Tragic end at the "Fateful Mountain of the Germans"
Uli Wieland died on Nanga Parbat in 1934
Uli Wieland, son of Philipp Wieland and grandson of the company founder, died in 1934 while trying to climb Nanga Parbat (Western Himalaya) for the first time. A foundation was established in his honour to support school children – and two schools in Vöhringen now bear his name.
Uli Wieland, born in 1902 as Philipp Wieland's youngest child, followed in his father's footsteps from an early age. After graduating from high school, he studied electrical engineering in Munich and Zurich, and in 1930 he started working as a graduate engineer at Wieland-Werke. In line with his studies, he was responsible for the modernization of the power plants in Vöhringen.
His private passion was mountaineering, also in 1930 he participated in a Himalayan expedition. He summarised his experiences in an impressive expedition report, a copy with a personal dedication to Karl Eychmüller is still kept in the Wieland archive today.
In 1934, Uli Wieland was given the opportunity to participate in a very special project: the first ascent of the 8,126-metre-high Nanga Parbat, the ninth-highest mountain on earth. In April 1934, under the leadership of Willy Merkl from Munich, ten mountaineers and three scientists set out from Venice by ship for India, and four weeks later they reached their base camp at the foot of the mountain giant. In addition to surveying and mapping, the expedition leader was also concerned with the prestige of the first ascent - the "conquest" of the mountains by daring Germans had meanwhile found the interest and support of the Nazi regime for propaganda purposes.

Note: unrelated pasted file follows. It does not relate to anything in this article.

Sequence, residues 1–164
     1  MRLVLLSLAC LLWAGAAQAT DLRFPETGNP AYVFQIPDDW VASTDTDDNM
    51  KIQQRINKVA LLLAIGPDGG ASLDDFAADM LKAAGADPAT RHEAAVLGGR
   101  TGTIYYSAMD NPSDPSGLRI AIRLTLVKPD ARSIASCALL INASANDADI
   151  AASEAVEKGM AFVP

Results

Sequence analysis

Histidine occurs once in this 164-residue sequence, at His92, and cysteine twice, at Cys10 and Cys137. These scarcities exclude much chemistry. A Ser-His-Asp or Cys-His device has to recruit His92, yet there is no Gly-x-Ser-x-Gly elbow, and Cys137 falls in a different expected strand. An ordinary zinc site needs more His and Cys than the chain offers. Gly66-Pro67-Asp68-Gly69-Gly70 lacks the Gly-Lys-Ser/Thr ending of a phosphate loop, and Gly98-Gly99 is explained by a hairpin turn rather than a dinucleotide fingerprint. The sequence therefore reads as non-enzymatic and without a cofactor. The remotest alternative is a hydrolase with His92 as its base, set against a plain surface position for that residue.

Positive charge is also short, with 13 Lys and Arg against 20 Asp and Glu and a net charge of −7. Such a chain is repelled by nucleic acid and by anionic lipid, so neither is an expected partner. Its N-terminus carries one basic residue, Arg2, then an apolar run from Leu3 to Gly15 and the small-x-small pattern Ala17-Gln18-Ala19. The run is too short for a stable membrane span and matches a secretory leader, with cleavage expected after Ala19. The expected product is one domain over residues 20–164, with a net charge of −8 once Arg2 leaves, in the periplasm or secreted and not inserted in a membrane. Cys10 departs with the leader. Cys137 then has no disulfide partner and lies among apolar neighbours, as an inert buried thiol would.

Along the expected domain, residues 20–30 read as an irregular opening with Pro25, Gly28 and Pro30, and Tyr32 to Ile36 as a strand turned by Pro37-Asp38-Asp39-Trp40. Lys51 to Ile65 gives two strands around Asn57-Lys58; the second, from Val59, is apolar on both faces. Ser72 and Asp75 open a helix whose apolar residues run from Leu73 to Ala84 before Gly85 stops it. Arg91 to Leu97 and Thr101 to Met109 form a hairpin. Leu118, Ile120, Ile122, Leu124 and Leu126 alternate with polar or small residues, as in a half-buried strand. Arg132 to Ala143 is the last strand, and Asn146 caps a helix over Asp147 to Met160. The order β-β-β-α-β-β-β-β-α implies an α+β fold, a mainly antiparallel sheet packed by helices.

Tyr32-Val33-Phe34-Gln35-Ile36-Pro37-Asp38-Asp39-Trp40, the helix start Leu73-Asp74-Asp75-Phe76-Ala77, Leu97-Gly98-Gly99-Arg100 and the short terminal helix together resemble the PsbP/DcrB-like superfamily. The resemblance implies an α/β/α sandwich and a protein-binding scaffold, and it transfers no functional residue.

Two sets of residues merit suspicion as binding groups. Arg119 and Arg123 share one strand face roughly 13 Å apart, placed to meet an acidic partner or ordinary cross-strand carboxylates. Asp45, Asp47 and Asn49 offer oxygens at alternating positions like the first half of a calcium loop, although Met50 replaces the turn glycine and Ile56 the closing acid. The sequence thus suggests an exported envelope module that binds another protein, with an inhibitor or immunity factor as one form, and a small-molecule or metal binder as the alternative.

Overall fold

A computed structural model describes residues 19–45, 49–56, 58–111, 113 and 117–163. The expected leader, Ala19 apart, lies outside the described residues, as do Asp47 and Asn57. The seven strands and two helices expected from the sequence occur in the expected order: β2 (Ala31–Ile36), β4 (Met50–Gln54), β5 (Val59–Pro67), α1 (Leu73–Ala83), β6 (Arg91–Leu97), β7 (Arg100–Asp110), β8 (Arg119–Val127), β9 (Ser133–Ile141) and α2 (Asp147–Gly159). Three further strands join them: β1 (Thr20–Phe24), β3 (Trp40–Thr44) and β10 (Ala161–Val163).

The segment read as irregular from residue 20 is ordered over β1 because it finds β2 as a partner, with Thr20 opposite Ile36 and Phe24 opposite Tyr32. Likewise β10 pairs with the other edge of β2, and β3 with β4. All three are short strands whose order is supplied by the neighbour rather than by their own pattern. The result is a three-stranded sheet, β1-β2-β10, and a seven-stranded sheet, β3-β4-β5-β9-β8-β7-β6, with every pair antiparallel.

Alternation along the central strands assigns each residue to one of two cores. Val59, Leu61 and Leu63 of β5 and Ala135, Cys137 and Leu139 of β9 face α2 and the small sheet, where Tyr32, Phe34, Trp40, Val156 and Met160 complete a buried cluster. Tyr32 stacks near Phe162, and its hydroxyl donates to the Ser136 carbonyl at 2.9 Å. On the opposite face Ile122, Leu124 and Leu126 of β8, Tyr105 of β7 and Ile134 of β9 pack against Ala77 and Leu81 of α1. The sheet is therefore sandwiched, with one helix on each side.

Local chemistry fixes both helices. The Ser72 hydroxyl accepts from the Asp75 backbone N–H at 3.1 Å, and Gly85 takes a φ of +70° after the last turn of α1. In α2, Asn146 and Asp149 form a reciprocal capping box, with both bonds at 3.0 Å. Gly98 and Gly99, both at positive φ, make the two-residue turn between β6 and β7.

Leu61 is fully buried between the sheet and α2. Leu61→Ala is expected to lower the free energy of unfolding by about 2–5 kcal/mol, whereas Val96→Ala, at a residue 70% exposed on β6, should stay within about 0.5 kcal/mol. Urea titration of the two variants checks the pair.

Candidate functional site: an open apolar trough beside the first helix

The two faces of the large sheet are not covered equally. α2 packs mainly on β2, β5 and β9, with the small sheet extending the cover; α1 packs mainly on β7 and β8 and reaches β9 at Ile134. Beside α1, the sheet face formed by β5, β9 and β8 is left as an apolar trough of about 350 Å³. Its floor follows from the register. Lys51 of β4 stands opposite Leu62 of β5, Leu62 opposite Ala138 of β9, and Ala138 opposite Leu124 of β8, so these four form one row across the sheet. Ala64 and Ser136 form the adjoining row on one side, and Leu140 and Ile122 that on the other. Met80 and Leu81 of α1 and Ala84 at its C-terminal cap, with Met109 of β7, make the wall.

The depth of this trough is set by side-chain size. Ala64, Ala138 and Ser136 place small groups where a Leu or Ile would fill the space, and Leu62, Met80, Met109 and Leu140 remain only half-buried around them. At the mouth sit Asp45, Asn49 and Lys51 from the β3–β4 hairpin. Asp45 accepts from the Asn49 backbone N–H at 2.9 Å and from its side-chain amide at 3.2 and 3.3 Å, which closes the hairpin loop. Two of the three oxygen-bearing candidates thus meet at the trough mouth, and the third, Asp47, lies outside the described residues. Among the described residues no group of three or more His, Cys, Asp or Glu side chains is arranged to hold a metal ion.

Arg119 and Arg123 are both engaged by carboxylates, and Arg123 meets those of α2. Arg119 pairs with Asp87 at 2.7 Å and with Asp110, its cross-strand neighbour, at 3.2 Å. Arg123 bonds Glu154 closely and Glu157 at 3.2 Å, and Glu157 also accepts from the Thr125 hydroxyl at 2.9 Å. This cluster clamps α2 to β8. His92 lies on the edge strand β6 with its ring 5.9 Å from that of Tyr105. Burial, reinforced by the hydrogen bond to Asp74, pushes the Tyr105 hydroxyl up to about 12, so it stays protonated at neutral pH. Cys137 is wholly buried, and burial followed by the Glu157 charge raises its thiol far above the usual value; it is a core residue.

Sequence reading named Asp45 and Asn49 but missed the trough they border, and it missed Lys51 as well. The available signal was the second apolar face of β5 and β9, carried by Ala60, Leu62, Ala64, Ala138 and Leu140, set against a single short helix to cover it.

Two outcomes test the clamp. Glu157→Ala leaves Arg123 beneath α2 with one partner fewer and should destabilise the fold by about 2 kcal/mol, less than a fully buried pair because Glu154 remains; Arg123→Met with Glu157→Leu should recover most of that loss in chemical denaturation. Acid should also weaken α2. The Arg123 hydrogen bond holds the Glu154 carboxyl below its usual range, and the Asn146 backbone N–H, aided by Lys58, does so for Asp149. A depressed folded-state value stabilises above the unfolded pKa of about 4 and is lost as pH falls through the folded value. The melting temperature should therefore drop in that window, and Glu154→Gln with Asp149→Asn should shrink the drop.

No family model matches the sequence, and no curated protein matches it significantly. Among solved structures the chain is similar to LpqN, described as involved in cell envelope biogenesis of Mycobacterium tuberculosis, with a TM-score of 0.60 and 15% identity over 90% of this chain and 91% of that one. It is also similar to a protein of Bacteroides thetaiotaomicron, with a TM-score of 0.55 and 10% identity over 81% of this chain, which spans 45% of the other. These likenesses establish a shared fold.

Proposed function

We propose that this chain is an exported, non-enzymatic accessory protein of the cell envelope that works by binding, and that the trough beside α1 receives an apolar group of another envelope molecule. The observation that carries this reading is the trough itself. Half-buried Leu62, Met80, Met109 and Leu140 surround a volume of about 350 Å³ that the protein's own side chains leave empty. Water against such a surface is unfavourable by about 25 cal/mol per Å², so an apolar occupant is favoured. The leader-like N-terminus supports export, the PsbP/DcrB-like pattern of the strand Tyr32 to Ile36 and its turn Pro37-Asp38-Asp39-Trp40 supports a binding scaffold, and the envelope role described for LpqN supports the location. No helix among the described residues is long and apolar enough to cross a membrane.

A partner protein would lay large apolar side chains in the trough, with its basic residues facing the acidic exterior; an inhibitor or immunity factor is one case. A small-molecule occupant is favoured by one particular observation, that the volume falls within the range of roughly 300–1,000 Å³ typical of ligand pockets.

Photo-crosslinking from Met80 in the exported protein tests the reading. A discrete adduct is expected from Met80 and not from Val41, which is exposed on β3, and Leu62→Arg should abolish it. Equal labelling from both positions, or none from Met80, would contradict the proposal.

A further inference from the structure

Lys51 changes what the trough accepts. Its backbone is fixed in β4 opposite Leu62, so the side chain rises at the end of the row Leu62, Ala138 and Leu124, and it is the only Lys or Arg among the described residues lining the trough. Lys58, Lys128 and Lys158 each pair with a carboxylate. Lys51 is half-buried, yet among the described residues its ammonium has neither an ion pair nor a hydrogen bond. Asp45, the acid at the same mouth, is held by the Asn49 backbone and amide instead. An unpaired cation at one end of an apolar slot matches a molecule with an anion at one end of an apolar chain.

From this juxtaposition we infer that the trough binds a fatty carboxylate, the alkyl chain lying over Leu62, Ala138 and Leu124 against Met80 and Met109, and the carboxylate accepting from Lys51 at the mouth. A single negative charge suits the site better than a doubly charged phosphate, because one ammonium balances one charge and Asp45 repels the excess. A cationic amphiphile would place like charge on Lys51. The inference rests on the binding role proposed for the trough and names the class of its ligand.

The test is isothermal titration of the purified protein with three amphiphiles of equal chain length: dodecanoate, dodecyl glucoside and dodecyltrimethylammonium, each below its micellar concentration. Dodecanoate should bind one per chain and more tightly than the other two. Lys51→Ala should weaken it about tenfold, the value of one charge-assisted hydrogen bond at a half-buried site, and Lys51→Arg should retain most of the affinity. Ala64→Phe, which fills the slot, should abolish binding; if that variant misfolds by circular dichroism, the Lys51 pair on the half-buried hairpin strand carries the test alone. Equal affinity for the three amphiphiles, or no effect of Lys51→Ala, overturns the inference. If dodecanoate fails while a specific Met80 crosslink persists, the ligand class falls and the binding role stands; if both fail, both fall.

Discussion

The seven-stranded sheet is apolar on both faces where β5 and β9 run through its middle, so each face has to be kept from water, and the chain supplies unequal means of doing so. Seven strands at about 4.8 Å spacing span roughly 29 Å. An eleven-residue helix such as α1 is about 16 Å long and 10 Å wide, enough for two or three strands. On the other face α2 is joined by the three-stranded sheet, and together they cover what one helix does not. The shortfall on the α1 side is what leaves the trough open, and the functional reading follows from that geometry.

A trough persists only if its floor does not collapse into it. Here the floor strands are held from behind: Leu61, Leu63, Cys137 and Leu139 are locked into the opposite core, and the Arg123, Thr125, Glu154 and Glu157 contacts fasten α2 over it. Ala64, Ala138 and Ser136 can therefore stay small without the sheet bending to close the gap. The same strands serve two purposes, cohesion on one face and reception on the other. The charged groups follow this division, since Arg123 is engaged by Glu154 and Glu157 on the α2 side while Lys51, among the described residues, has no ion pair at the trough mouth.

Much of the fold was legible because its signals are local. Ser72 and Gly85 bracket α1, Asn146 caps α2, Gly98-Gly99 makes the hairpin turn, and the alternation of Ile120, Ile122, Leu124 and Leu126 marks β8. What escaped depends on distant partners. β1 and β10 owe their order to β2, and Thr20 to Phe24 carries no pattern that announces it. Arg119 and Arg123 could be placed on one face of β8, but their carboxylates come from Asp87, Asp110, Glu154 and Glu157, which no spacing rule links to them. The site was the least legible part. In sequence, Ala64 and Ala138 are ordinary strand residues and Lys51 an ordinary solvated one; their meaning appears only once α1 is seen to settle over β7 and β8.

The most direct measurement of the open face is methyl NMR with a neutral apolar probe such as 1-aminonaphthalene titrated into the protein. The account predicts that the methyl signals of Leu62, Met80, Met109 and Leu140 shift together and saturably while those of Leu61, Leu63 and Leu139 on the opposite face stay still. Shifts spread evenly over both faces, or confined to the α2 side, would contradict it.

But the project was ill-fated. Already halfway up, one participant died of pneumonia. Bad weather delayed the further ascent and made it more difficult. After all, the men had to turn back only 230 meters below the summit, exhausted. Worse still, Uli Wieland died of exhaustion on July 9th - only 30 meters away from the safety of an intermediate camp. In the following days, two other climbers and six Sherpas suffered the same fate. Because another expedition in 1937 also ended with the death of seven German mountaineers and nine Sherpas, the National Socialist press later spoke of the "fateful mountain of the Germans", after the war there was also talk of the "alpine Stalingrad".
In memory of Uli Wieland, the Voehringen municipal council named a new school building after him in 1956, from which today's secondary school is derived. At the same time, the Wieland family established the Uli Wieland Foundation, which serves the "education and support" of the local pupils. Finally, in 2019, a primary school was renamed "Uli-Wieland-Grundschule".
Already in 1930 Uli Wieland took part in an expedition to the Himalayas. He recorded his experiences in a detailed report.